Every news person and no-load fund purveyor says folks are better off investing in no-load mutual funds and things are better still if the investing is done in an index. I’ve looked at this argument in my last two blogs while also arguing that the 4 percent rule was still alive and well, no matter what you hear to the contrary. In other words, one can easily devise a portfolio that will produce 4 percent income (I used 4.2 percent to make the point), inflate the income taken by 3 percent yearly, and wind up with more than one started with at the end.
So, in week one’s piece, we looked at a simply assembled Franklin Templeton portfolio. It produced, from Jan. 1, 2000, through March 31, 2013, $834,506 in income for 12.25 years. The beginning amount was $1 million and the ending value, after withdrawals starting at 4.2 percent and inflating 3 percent annually, was $1,391,049. The first year provided an income of $42,382, and the 2012 withdrawal was $79,072, due to the 3 percent inflation increase each year. No BD on the planet would let an advisor use C shares for a $1 million account, but to keep expenses high, we used C shares.
In my blog a week later, I ran Berkshire for the same period of time, a time that included its worst decade ever. With Berkshire as an investment by itself — and I subtracted a 1.12 percent fee before running the 4.2 percent withdrawals and the 3 percent inflation calculation — an investor would have received $842,313 in income over the 12.25-year period. (The annual amounts were, in fact, similar to the Franklin Templeton portfolio above.) Do you remember the amount left after all withdrawals for 12.25 years? It was $1,452,000, proving that Warren Buffett is, indeed, a great investor, even in difficult and volatile times. And I would not use Berkshire alone in a portfolio, but since I do use it in mixed portfolios, I charged an advisory fee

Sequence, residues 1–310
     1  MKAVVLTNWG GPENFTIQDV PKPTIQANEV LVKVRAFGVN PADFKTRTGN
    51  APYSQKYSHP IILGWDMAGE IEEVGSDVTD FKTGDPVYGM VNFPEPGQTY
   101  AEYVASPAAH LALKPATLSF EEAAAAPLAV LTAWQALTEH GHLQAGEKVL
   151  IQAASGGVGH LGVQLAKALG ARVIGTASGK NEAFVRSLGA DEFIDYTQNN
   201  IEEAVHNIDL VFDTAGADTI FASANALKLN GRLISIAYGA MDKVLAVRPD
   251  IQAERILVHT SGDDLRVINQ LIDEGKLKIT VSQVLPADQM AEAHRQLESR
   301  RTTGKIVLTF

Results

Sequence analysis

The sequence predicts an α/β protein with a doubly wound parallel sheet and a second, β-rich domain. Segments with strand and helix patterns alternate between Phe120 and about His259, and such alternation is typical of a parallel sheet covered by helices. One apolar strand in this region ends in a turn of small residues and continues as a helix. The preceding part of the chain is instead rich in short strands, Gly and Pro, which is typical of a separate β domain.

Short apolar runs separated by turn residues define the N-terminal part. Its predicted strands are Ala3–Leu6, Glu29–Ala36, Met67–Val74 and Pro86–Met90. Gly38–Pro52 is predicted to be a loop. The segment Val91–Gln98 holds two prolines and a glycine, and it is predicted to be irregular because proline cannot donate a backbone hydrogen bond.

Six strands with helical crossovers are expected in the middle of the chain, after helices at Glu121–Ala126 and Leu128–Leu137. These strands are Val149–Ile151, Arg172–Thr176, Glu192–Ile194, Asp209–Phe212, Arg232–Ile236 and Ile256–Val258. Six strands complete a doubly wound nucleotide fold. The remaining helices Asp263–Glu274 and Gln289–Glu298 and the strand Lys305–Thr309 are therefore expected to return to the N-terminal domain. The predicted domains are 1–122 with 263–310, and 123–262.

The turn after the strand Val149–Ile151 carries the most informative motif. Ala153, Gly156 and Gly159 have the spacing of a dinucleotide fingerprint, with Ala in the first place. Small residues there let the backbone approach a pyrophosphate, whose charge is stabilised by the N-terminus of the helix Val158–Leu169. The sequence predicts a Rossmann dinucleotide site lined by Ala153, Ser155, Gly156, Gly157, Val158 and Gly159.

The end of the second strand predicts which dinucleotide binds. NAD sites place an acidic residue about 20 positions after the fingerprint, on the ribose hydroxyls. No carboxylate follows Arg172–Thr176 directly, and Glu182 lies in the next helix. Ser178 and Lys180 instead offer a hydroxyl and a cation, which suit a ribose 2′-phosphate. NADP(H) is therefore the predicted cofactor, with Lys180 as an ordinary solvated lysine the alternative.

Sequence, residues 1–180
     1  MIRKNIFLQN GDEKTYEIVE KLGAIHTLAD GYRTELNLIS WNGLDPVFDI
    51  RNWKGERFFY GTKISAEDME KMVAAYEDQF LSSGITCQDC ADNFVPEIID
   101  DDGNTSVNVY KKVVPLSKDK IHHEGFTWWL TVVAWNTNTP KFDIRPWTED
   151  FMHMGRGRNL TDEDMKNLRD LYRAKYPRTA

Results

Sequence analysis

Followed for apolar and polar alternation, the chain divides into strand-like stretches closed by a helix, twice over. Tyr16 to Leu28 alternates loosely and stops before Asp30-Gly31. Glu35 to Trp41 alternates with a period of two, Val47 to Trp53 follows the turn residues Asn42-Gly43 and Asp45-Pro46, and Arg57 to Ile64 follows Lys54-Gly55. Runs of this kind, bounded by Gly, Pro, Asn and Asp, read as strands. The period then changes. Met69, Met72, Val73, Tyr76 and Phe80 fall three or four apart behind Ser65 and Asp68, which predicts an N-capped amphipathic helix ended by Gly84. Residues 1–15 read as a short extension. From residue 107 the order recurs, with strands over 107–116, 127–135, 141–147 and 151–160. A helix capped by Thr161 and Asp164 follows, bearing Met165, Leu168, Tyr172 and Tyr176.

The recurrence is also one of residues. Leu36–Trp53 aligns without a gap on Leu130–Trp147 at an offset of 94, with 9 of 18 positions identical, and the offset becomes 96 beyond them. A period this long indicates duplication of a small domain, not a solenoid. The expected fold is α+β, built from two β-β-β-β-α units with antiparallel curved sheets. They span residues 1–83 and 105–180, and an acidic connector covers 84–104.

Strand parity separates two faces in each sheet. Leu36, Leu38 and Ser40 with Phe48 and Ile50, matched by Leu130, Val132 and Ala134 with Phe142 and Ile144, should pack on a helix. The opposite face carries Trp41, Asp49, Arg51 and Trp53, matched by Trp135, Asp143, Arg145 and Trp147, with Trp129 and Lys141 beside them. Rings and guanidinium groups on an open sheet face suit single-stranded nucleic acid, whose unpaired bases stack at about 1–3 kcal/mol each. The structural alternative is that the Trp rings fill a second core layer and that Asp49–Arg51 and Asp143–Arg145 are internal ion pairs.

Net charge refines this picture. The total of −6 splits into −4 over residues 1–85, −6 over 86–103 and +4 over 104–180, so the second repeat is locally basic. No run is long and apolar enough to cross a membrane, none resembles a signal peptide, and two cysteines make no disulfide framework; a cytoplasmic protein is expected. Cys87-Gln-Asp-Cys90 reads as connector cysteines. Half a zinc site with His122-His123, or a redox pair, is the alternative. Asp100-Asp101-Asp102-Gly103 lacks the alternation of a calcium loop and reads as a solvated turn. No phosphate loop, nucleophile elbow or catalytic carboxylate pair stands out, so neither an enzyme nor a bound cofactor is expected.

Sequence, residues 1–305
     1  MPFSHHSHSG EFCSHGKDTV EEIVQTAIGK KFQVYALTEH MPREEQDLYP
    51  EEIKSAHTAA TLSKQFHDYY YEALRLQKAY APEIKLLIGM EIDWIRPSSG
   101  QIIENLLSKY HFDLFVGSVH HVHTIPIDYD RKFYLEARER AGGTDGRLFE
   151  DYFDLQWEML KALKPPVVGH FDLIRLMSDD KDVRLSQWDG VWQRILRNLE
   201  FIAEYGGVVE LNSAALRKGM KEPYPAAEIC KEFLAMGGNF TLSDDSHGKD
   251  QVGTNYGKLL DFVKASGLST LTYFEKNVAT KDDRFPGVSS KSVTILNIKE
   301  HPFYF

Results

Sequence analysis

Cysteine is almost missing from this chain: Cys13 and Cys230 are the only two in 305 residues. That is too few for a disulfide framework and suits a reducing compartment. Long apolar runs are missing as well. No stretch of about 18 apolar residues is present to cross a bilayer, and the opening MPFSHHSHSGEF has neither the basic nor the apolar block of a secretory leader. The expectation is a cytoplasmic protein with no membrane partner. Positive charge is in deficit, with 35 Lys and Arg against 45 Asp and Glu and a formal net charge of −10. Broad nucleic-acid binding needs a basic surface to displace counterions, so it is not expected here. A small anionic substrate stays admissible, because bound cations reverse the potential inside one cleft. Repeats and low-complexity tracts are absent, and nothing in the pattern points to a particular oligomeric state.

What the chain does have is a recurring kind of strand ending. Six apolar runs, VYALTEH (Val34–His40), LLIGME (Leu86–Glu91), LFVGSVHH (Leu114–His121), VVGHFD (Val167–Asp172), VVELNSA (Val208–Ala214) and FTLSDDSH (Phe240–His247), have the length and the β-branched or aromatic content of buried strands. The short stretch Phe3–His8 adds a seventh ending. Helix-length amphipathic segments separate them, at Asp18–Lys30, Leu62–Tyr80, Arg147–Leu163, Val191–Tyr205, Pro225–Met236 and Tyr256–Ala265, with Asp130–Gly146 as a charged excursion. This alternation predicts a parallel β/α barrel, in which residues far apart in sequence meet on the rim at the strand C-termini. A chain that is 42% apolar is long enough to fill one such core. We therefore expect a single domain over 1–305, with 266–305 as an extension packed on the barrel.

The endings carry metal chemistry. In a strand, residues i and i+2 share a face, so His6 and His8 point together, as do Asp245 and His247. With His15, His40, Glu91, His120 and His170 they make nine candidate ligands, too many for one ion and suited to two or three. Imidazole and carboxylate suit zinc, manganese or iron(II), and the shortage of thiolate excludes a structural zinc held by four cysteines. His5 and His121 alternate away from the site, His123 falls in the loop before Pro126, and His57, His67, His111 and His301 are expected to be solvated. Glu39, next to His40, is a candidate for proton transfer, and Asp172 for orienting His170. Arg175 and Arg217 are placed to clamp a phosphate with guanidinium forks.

This week, I ran an index (really, an ETF called SPY that represents the S&P 500). I added no fees — any advisor worth his or her salt would be embarrassed to add fees to a 12.25-year single-index investment, right? I used the same time period and the same withdrawal and inflation rate as in the earlier two runs. Indeed, all was the same except for the total ending value and the total amounts withdrawn. The ending value was $682,846, and the total amount withdrawn over the 12.25 years was $448,715. Compared to the Franklin Templeton portfolio or Berkshire alone, this is a horrible result, although it would seemingly please the no-load and index advocates.
If you have investing chops and use a mix of funds (I use a Franklin Templeton fund in many of my portfolios, and I use Berkshire in some too, along with others), you can make customers happy with excellent returns, and you’ll find that the 4 percent-plus-inflation income strategy, or even my 4.2 percent strategy, works nicely in a good portfolio. On the other hand, If you don’t do better than the S&P and don’t like portfolio work, you might consider using third-party managers, like Weatherstone (at (800) 690-5918), Curian (at (405) 519-5014), BTS (at (339) 223-4078), and W.E. Donoghue (at 401-954-7220). Or you can use strategies you will be able to manage easily from The Sherman Sheet (phone Gordon Case at (888) 957-3438) and/or from Dynamic Portfolio Strategies (phone Charlie or Kate White at (877) 377-7872).
If you have decent portfolio skills, by all means, do your stuff. But if you look inside your psyche and worry that you don’t, there are plenty of good ways to help customers; quite a few are listed in the foregoing paragraph. Readers know that I love portfolio work; even so, I use many of the third-party managers and advisors above to compliment my own stuff.